Asked to describe the relationship between his North Raleigh church group and students at a Southeast Raleigh alternative school, Joel Pawlak searched for words then settled on, “We’re kind of ... the PTA.”
But there’s a twist.
“It’s really amazing to see people go someplace to help somebody and find they’re the ones who are helped the most – just to see the people of Brier Creek go to Southeast Raleigh, experience those kids and begin to understand there’s a connection among us,” said Pawlak, a lay leader at All Saints United Methodist Church. “They have issues and they have problems, but in our community, kids and families have the same problems. They’re just much more raw in Southeast Raleigh.”
Nobody will be thinking about that, though, on Nov. 22, when Pawlak and his six-family church group, or Common Table, bring Thanksgiving to AMIkids Infinity Wake, an alternative school housed at Longview School. The program was created by Associated Marine Institute, a Florida-based national nonprofit.
Pawlak’s crew will join the students in the kitchen to prepare the meal, break bread with them and their families, and send each student home with a meal to cook on Thanksgiving Day.
“The way it’s changed people’s perspective in our community means we’re the ones who are probably helped more than anybody out of this,” said Pawlak, a professor of engineering at N.C. State University. “You wouldn’t imagine that would happen, but it’s been a huge impact on our community.”
AMIkids Infinity Wake started in 2011, the same year the parent organization established AMIkids North Carolina Family Services in Greenville, Wilmington and Winston-Salem.
Here, the AMIkids alternative school is open to Wake County students who have experienced trauma or other life challenges and are struggling in school, displaying learning disabilities or behavioral issues.
Following the AMIkids Infinity Model – there are four – the program serves as a safety net for students suspended from school for 10 or more days. In partnership with Wake County schools, youth agencies, local communities and families, AMIkids Infinity Wake provides more support, from maintaining academic credits and experiential learning to vocations and internships.
“We act as an advocate for kids to return back to their base schools,” said Antwaun Arnold, executive director of AMIkids Infinity Wake. “We give them more tools, either improving their academic confidence and performance or, if their issue is behavior, by setting and targeting behavior goals.
“We’re addressing whatever caused the students to become suspended.”
Hopefully, the program helps clog the flow of the school-to-prison pipeline.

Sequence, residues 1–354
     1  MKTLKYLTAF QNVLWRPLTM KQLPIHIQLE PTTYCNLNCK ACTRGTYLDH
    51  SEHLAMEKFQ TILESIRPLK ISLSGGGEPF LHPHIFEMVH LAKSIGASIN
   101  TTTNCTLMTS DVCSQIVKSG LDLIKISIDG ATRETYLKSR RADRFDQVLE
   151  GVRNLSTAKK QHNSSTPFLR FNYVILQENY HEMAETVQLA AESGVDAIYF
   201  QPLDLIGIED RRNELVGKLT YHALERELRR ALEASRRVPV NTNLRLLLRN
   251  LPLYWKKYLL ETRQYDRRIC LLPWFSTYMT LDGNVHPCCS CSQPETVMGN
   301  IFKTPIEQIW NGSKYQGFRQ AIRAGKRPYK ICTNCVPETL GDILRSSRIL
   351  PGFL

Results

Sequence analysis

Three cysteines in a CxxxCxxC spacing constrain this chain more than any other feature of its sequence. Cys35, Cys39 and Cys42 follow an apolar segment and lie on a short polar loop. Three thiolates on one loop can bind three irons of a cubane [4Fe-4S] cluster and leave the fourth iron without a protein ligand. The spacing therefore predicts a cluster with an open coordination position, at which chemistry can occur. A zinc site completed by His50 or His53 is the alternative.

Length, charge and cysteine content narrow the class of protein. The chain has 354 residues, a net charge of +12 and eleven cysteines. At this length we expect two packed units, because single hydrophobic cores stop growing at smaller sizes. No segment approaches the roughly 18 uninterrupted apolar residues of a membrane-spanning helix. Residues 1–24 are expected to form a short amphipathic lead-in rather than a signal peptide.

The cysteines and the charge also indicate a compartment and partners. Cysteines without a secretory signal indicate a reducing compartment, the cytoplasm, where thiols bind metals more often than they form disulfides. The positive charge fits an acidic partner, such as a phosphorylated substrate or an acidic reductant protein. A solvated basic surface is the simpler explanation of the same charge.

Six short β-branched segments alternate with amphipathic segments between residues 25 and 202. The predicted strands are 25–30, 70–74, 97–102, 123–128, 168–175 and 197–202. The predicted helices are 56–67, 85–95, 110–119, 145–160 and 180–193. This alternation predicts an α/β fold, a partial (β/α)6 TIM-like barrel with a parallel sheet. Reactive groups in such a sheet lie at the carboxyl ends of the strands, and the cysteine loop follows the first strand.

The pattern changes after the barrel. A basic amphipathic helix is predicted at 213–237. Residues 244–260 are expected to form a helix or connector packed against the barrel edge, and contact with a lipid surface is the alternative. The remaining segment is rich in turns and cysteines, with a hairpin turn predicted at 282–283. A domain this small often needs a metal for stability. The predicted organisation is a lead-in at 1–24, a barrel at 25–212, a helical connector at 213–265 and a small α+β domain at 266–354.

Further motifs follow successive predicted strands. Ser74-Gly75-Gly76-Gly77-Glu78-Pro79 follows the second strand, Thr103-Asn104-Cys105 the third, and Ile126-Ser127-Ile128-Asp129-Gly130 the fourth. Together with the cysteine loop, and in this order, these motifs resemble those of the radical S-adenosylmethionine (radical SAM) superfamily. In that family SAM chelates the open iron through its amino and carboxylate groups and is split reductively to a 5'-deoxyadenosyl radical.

On average each year in the United States, AMIkids reports, about 3 million students drop out of high school. With 63 percent of all youth crimes committed by high school dropouts who subsequently fail to qualify for 91 percent of available jobs nationwide, an estimated one-third end up in prison. They’re also more likely to otherwise end up in the legal system or use welfare or food stamps, which adds trillions to the country’s budget.
Student rolls at AMIkids Infinity Wake mirror statistics that show black students, particularly black males, are disproportionately suspended and expelled. As disproportionate is the rate of subsequent jail time.
Currently at Wake’s AMIkids: Of the program’s 22 students, two are girls and 20 are boys. Two are white, two are Hispanic, and 18 are black, Arnold said.
The partnership with Pawlak and his church buttresses the program’s focus on building relationships in a “family atmosphere where all students and staff are comfortable being themselves, bringing something special to the table,” Arnold said.
That has worked for Cameron Stephenson, a senior who said he was kicked out of Green Hope High School in Cary.
“It’s helped with my grades a lot,” said Stephenson, 18. “I like the one-on-one interaction with teachers. Everybody tries to make a connection, so it feels better coming to school than regular school.”
Student Nihemah Reed, 16, believes AMIkids Infinity Wake has made her a better person and a better student. She’s looking forward to the Thanksgiving feast.
“I’ve never done anything like it before,” said Reed, who said she was expelled from Fuquay-Varina High School. “It will be great. Everybody will get to know each other better, spend time with their family and just talk about the good times.”